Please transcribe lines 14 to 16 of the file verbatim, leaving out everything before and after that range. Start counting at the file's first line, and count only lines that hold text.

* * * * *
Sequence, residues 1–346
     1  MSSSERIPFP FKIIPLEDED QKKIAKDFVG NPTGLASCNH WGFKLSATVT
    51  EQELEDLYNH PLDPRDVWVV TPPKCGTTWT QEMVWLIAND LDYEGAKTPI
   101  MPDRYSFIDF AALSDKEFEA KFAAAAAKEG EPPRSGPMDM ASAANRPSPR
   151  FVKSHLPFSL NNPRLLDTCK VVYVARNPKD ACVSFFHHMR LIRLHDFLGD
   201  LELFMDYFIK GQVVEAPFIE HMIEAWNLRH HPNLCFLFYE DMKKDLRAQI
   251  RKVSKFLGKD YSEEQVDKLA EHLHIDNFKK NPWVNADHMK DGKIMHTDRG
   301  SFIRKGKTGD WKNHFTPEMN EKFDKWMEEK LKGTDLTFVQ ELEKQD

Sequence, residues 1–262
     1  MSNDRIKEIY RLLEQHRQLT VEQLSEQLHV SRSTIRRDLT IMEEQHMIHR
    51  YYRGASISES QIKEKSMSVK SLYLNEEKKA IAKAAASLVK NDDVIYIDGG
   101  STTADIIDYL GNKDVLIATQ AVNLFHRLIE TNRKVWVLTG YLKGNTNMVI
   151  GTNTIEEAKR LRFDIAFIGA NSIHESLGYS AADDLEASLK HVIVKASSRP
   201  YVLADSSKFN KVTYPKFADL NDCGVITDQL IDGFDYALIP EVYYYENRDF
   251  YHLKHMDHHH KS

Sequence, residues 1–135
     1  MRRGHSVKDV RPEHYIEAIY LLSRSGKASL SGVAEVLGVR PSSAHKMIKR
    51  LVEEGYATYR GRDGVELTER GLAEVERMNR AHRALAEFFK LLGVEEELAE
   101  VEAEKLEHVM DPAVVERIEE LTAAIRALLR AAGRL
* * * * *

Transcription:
   201  YVLADSSKFN KVTYPKFADL NDCGVITDQL IDGFDYALIP EVYYYENRDF
   251  YHLKHMDHHH KS

Sequence, residues 1–135